[cfe-dev] [RFC][OpenMP][CUDA] Unified Offloading Support in Clang Driver

Hal Finkel via cfe-dev cfe-dev at lists.llvm.org
Mon Mar 7 17:11:38 PST 2016


----- Original Message -----
> From: "C Bergström via cfe-dev" <cfe-dev at lists.llvm.org>
> To: "Justin Lebar" <jlebar at google.com>
> Cc: "Alexey Bataev" <a.bataev at hotmail.com>, "C Bergström via cfe-dev" <cfe-dev at lists.llvm.org>, "Samuel F Antao"
> <sfantao at us.ibm.com>, "John McCall" <rjmccall at gmail.com>
> Sent: Monday, March 7, 2016 6:46:57 PM
> Subject: Re: [cfe-dev] [RFC][OpenMP][CUDA] Unified Offloading Support in	Clang Driver
> 
> #1 OMP allows multiple code generation, but doesn't *require* it. It
> wouldn't be invalid code if you only generated for a single target at
> a time - which imho isn't that unreasonable. Why?! It's unlikely that
> a user is going to try to build a single binary that runs across
> different supercomputers. It's not like what ANL is getting will be a
> mix (today/near future) of PHI+GPU. It will be a PHI shop.. ORNL is a
> GPU shop. The only burden is the user building the source twice (not
> that hard and what they do today anyway)

I agree, but supercomputers are not the only relevant platforms. Lot's of people have GPUs, and OpenMP offloading can also be used on various kinds of heterogeneous systems. I see no reason to design, at the driver level, for only a single target device type unless doing more is a significant implementation burden.

 -Hal

> 
> #2 This proposed tarball hack/wrapper thingie is just yuck design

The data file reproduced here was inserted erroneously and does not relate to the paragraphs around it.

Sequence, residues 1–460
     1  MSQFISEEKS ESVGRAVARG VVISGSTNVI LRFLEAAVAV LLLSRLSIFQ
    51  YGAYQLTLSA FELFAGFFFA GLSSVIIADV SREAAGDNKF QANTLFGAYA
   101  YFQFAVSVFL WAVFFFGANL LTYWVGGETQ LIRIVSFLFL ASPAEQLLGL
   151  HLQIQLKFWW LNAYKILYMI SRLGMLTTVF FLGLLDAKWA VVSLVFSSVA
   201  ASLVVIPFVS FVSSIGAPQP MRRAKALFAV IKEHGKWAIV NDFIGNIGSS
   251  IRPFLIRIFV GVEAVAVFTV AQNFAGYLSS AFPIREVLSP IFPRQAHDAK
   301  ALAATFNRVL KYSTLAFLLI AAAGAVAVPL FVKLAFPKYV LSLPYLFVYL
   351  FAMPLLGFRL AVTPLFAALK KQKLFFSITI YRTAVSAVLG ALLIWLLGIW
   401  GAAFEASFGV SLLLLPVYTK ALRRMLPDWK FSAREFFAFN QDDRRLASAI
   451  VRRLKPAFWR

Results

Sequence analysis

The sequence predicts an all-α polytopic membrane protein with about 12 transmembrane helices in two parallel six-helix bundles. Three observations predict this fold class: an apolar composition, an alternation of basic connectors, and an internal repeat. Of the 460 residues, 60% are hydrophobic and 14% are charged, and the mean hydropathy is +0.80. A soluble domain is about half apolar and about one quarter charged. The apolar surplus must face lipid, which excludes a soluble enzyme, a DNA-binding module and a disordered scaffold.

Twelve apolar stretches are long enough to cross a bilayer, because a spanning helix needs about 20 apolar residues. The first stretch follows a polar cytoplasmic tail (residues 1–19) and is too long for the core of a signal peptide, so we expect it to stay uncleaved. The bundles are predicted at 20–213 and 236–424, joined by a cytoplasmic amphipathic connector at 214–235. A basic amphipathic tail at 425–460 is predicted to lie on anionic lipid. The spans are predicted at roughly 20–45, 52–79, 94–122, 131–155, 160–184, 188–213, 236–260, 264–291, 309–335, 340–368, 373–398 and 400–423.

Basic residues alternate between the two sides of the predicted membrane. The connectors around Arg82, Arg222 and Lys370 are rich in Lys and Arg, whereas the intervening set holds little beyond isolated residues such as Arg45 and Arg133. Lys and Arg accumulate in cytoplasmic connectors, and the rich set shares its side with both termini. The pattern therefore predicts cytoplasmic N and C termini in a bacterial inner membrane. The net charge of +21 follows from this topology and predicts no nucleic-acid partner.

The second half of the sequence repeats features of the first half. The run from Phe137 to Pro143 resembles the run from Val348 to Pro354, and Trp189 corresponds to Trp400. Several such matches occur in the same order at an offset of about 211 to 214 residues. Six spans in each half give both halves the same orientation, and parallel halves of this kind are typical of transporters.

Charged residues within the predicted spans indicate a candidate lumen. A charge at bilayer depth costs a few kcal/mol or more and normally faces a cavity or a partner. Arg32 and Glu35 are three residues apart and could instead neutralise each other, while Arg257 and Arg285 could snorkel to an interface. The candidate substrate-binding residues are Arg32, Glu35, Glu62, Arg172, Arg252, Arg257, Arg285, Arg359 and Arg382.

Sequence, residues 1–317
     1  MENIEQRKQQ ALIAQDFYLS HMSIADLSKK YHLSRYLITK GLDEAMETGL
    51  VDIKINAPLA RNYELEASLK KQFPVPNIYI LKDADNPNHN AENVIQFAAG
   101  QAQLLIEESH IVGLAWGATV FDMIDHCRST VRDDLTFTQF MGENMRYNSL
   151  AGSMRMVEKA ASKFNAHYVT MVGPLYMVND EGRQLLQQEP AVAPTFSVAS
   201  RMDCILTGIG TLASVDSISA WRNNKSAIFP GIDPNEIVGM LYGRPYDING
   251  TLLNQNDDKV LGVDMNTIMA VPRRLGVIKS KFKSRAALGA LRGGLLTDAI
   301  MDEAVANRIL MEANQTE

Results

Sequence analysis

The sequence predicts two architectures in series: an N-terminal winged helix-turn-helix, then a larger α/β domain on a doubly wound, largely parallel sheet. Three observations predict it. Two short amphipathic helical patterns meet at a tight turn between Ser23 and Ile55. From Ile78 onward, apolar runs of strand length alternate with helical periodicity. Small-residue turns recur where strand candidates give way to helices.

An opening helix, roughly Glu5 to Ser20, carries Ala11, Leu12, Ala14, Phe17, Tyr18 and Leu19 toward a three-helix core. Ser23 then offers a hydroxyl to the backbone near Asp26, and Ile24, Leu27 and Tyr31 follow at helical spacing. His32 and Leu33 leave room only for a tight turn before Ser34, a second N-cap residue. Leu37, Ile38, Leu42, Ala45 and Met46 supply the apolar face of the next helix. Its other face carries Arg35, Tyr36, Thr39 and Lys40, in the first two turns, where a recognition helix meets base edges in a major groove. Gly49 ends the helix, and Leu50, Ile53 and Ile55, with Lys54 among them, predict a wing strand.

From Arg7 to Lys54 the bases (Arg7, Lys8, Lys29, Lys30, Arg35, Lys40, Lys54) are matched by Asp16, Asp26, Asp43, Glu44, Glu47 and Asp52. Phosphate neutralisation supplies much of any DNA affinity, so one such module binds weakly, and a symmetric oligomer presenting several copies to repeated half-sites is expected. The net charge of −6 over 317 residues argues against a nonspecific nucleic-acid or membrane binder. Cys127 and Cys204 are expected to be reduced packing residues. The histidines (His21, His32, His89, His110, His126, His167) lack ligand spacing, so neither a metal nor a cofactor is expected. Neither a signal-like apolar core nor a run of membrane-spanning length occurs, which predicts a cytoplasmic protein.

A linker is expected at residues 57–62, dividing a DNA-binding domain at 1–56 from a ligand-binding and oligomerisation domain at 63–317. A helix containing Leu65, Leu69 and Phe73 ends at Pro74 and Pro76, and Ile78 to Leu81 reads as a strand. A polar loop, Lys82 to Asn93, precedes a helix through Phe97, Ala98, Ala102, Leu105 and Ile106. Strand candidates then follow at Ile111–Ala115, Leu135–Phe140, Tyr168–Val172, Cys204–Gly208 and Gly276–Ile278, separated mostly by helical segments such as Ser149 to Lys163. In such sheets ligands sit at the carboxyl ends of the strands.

> imho. I think there are better and more clean long term solutions
> 
> #3 re: "ARM ISA and Thumb via a runtime switch.  As a result, objdump
> has a very difficult time figuring out how to disassemble code that
> uses both ARM and Thumb."
> 
> My proposed solution of prefixing/name mangling the symbol to include
> "target" or optimization level solves this. It's almost exactly as
> what glibc (I spent 15 minutes looking for this doc I've seen before,
> but couldn't find it.. if really needed I'll go dig in the glibc
> sources for examples - the "doc" I'm looking for could be on the
> loader side though)
> 
> In the meantime there's also this
> 
> https://sourceware.org/glibc/wiki/libmvec
> "For x86_64 vector functions names are created based on #2.6. Vector
> Function Name Mangling from Vector ABI"
> 
> https://sourceware.org/glibc/wiki/libmvec?action=AttachFile&do=view&target=VectorABI.txt
> 
> Which explicitly handles this case and explicitly mentions OMP.
> "Vector Function ABI provides ABI for vector functions generated by
> compiler supporting SIMD constructs of OpenMP 4.0 [1]."
> 
> 
> it may also be worthwhile looking at existing solutions more closely
> https://gcc.gnu.org/wiki/FunctionSpecificOpt
> https://gcc.gnu.org/onlinedocs/gcc-4.9.2/gcc/Function-Attributes.html
> 
> "The target attribute is used to specify that a function is to be
> compiled with different target options than specified on the command
> line. This can be used for instance to have functions compiled with a
> different ISA"
> -------------
> Side note on ARM - Their semi-unified ISA is actually the "right way"
> to go. It's imho a good thing to have the vector or gpu instructions
> unified as a direct extension to the scalar stuff. I won't go into
> low
> level details why, but in the end that design would win over one
> where
> unified memory is possible, but separate load/store is required for
> left side to talk to right side. (iow ARM thumb is imho not the
> problem.. it's objdump - anyway objdump can't handle nvidia saas/ptx
> blobs so it's probably more a "nice to have" instead of absolute
> blocker)
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-- 
Hal Finkel
Assistant Computational Scientist
Leadership Computing Facility
Argonne National Laboratory


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